Liability-driven investors can reap significant benefits from globalizing their long-duration bond portfolios, but how much should they sow? How large an allocation to nondomestic bonds is appropriate? Our research suggests that even a modest allocation can meaningfully improve an LDI portfolio’s risk-adjusted return potential.
As we examined in our previous blog, liability-driven investors have been slow to embrace global investing: traditionally, domestic bonds have been considered the best match for long-term liabilities such as pension obligations. However, an allocation to currency-hedged global bonds can help reduce downside risk while capturing most of the upside return potential of domestic bonds, creating an opportunity to improve a plan’s funded ratio.
The key question for liability-driven investors is how large this allocation to global bonds should be. Three of my colleagues—Alison Martier, Erin Bigley and Ivan Rudolph-Shabinsky—have recently published research that sheds some light on this question. Should liability-driven investors convert their entire fixed-income portfolios to global debt?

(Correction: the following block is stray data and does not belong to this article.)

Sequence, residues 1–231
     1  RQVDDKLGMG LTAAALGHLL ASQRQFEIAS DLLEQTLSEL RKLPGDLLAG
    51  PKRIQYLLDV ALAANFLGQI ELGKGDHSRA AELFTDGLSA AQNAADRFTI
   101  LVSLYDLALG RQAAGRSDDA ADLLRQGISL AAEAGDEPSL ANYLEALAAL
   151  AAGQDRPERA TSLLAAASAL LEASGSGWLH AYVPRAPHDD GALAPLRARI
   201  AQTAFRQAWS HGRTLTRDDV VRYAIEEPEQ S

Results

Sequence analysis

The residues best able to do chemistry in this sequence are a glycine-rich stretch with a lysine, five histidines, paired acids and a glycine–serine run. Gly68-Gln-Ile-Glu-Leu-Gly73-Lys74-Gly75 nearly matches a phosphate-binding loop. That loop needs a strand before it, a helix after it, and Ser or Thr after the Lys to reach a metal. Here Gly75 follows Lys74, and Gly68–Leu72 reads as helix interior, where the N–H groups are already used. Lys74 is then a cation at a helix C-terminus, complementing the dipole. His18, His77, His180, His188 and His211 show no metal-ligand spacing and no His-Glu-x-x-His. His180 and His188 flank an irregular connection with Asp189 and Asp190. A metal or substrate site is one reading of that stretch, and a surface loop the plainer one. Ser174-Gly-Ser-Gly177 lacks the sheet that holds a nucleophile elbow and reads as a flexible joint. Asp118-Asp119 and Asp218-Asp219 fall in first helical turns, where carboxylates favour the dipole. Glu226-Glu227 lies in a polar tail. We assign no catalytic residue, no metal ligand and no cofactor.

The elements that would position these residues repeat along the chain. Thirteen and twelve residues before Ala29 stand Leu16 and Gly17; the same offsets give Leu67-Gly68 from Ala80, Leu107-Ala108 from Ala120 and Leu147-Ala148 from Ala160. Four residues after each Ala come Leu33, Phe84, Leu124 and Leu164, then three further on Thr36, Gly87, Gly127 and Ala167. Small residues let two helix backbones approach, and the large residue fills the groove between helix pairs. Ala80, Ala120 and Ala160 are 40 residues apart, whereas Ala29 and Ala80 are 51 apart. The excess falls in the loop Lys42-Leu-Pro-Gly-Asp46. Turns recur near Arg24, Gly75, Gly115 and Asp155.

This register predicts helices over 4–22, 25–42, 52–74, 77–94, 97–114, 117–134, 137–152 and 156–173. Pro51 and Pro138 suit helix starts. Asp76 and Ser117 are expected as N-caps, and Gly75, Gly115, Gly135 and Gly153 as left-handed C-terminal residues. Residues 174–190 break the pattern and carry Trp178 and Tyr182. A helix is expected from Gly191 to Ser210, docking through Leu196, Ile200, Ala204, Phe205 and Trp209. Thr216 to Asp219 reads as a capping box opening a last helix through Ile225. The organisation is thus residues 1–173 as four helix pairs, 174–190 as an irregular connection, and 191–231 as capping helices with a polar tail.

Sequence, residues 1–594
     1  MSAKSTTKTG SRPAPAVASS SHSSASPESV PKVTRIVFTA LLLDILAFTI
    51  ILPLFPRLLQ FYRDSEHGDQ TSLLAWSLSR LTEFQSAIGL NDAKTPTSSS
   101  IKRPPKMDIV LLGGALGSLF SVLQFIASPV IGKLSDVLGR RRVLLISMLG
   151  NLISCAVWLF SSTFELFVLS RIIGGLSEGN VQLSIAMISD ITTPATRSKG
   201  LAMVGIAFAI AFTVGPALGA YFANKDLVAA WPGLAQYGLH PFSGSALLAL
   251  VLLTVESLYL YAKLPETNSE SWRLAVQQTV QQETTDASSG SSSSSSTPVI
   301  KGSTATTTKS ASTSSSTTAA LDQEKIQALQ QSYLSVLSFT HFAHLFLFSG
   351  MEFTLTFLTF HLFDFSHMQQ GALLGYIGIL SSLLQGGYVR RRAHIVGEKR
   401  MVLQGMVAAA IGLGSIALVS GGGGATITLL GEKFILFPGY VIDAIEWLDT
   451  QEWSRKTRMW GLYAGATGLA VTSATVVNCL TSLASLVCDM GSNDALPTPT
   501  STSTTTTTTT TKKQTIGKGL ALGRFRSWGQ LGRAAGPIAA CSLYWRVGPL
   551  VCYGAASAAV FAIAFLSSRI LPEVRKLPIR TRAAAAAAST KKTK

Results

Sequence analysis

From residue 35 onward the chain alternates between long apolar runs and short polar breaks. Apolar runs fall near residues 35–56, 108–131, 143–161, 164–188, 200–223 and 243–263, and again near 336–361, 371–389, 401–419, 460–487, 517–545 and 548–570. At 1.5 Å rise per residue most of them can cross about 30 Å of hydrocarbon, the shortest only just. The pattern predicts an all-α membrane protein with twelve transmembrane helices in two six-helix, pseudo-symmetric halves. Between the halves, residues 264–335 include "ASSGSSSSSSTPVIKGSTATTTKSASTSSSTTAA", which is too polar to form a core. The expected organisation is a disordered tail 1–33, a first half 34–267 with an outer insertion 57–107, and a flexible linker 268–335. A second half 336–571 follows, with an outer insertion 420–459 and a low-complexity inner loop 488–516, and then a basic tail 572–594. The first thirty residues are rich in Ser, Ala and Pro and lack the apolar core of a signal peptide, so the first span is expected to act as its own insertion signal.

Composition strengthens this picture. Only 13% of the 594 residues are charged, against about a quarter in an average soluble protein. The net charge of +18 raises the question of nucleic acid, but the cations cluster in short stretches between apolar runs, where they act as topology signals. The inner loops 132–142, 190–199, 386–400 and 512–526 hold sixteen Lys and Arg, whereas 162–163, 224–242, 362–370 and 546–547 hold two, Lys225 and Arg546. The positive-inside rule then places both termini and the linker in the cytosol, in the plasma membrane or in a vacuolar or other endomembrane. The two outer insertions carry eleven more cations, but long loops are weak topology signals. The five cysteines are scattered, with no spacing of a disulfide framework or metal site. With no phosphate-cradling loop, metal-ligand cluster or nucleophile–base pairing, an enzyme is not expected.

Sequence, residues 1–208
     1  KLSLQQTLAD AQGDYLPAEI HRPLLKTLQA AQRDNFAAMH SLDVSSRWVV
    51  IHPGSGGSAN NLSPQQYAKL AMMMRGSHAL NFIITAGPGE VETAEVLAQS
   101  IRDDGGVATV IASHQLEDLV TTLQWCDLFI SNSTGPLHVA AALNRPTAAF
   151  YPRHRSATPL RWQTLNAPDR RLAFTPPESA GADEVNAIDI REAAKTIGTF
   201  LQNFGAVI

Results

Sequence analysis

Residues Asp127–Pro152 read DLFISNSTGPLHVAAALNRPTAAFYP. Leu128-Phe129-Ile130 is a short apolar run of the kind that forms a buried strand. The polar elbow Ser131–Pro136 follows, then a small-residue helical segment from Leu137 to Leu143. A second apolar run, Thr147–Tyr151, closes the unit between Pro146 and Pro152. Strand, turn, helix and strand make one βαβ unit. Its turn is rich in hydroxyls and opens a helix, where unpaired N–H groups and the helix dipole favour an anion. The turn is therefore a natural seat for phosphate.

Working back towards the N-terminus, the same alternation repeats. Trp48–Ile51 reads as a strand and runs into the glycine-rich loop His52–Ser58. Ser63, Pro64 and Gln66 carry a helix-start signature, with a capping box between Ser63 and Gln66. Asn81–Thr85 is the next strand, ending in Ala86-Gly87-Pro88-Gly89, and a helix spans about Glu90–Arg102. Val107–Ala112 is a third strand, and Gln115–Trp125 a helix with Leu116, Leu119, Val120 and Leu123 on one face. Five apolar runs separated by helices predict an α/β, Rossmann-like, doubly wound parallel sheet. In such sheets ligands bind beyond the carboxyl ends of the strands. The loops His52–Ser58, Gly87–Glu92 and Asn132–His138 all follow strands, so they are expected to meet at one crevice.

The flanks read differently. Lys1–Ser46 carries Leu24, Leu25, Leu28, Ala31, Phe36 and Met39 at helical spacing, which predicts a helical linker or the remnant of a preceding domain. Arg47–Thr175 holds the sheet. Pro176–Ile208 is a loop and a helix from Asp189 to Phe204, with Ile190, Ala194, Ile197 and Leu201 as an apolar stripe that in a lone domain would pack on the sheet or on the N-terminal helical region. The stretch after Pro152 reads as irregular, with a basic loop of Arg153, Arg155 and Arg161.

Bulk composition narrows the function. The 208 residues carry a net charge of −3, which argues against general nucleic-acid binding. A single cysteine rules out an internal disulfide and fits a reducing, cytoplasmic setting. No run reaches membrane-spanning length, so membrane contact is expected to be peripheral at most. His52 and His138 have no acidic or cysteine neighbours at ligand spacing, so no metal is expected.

Our research suggests that the answer is no. There is generally a close correlation between returns for domestic-only long bonds and hedged global bonds, but the gap between the two can at times be quite large.
Over the past 25 years, the largest outperformance margin for domestic bonds over global bonds was 13.2% for a US dollar–based investor and 9.5% for a euro-based investor. However, the biggest gap for sterling- and yen-based investors was nearly 20%—and in the UK and Japan the correlation between domestic and global bond returns is lower. So where is the sweet spot that allows the liability-driven investor to capture the advantage of going global? To answer this question, we looked at various combinations of domestic and nondomestic bonds, as the display below shows.
Adding even 10% to 20% of nondomestic bonds significantly improves the risk-adjusted return potential of a portfolio. The incremental improvement in return/risk ratio from adding more nondomestic exposure generally diminishes after reaching a 50/50 blend, our research suggests.
The appropriate allocation, of course, varies depending on each investor’s risk tolerance and specific home country. For example, a sterling-based investor might find a larger exposure more attractive, whereas a yen-based investor might find a smaller exposure to global bonds appropriate. The key takeaway though, is that in these four regions, liability-driven investors can benefit from an allocation to global debt.
The views expressed herein do not constitute research, investment advice or trade recommendations and do not necessarily represent the views of all AllianceBernstein portfolio-management teams.